Organizers prepare for return of CarmelFest, with a few changes


It takes an enormous team effort to pull off the two-day CarmelFest, but planning its return this year after most of the event was canceled in 2020 because of the COVID-19 pandemic was even more challenging.

Not only is the nation still feeling the effects of the pandemic, which is leading to several changes in this year’s festival, but organizers had less time to prepare as it remained unclear early in the year if the 2021 CarmelFest would happen.

CIC COM 0518 CarmelFest Chair Steve Krusie

“We really didn’t hit the ground running until March,” CarmelFest chairman Steve Krusie said. “Our goal for this year’s festival was to bring back as many of the acts and entertainment and family fun that have always been the hallmarks of CarmelFest but do it in the most safe and responsibly managed way that we possibly can.”

Changes to the July 4 and 5 event include expanding the footprint of the festival from the area surrounding Carmel City Hall to include Carter Green near the Center for the Performing Arts, placing hand sanitizing stations throughout the event area and two nights of fireworks in different parts of town. The fireworks show was the only aspect of the festival that happened in 2020, and organizers received a great deal of support for spreading it throughout the city again.

A similar number of food and marketplace vendors will be at the festival as in previous years, Krusie said, although it may feel like less are on hand because they will be more spread out. He said the change should help alleviate crowding, which has been the biggest complaint at previous CarmelFests, he said.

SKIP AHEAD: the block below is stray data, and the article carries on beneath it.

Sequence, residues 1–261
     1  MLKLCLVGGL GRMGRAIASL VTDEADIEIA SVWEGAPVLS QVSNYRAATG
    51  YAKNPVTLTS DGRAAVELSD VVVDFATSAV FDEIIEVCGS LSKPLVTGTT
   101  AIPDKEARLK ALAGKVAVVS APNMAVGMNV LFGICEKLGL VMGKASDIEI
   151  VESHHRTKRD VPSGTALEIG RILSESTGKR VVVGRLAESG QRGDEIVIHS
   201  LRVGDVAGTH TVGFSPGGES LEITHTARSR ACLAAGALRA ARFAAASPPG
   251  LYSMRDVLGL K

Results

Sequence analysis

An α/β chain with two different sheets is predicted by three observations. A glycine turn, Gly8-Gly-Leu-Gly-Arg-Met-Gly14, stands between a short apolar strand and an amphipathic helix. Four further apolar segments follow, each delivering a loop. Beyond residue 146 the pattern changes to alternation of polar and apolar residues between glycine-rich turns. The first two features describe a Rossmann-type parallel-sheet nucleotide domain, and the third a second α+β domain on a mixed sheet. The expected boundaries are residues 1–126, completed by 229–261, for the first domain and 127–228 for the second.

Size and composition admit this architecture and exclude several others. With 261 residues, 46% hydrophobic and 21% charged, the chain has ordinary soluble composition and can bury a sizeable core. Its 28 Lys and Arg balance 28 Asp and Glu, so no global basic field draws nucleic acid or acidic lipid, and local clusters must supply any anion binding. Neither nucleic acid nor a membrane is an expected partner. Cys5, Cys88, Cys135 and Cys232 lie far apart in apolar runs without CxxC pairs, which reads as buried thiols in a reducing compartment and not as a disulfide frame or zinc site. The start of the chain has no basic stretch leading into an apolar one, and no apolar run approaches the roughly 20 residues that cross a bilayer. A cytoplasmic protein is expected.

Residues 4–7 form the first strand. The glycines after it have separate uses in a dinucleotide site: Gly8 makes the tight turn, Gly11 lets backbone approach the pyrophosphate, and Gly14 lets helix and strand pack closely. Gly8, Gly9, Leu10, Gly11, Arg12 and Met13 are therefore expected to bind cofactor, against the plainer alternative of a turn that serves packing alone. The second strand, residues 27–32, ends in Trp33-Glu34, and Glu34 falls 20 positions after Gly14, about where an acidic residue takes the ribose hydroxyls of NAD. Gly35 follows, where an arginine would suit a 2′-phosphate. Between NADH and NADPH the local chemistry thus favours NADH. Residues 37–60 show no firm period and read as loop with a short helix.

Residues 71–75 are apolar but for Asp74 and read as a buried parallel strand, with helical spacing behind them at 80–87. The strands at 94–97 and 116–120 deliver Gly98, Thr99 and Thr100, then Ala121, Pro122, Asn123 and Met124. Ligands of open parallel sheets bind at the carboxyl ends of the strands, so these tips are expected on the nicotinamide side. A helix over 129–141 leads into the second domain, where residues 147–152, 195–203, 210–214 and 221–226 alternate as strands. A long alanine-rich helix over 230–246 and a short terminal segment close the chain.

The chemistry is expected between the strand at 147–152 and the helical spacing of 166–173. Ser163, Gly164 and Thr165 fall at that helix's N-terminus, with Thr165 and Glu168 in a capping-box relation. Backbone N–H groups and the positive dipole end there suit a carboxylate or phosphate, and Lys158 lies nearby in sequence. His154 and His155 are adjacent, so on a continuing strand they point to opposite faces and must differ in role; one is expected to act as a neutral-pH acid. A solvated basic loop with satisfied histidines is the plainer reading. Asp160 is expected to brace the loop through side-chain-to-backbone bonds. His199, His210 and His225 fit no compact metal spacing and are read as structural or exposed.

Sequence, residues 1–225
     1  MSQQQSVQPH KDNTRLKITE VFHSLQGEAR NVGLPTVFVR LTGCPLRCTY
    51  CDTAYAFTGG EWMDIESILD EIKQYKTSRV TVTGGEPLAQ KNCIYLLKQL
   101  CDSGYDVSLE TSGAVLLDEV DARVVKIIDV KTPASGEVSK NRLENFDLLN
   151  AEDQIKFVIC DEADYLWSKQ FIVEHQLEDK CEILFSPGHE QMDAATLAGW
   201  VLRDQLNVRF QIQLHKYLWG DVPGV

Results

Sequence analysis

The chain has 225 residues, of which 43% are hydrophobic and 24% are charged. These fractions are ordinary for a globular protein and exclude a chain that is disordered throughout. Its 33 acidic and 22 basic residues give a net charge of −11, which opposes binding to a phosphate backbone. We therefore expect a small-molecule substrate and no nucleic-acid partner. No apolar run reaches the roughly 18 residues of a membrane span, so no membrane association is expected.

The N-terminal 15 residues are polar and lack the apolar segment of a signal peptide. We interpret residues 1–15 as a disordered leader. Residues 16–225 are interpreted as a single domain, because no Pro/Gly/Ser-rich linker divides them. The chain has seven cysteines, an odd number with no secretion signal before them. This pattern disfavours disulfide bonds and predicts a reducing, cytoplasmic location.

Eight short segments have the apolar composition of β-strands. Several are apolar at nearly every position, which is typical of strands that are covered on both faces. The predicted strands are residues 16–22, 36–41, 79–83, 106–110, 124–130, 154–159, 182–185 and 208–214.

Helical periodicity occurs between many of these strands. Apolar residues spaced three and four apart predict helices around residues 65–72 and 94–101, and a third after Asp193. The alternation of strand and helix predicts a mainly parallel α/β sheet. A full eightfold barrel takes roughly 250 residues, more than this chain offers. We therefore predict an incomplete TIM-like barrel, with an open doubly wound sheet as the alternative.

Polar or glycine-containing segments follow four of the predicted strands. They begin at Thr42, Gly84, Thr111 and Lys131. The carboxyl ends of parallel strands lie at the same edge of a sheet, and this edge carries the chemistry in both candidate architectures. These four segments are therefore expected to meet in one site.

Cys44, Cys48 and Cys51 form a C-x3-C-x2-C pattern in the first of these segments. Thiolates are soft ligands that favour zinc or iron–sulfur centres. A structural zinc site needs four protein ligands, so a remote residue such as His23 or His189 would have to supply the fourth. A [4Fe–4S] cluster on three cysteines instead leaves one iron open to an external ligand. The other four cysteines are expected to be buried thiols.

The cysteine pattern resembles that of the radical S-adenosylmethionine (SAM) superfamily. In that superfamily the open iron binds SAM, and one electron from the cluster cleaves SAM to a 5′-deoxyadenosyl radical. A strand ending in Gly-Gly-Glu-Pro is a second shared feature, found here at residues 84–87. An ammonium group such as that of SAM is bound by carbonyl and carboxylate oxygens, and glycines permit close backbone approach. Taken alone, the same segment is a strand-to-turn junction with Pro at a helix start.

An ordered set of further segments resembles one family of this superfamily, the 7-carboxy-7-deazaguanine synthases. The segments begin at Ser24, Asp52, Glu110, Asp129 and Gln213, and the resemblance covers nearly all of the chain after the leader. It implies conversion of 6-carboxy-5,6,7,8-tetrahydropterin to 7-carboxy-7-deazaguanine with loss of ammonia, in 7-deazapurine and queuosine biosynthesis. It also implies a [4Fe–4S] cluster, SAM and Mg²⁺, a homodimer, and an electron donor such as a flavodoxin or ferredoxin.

The KidZone will look a bit different this year, as it will not include inflatables. Instead, Krusie said the area will have more of a focus on individualized activities, such as rock-climbing walls, bungee trampolines, a petting zoo and an aviary, which will be a new addition to the event.

Organizers aren’t sure whether they should expect a smaller crowd or a record-setting one this year, although Krusie is guessing it will be the latter.

“People are really anxious to get out. They’re looking for fun activities to do and reasons to enjoy being outdoors and listening to great music,” Krusie said. “I hope we have record numbers. What that would mean is we could probably see anywhere from 20,000 to 25,000 people each day. That would be phenomenal, but we’ll see. It’s hard to say.”

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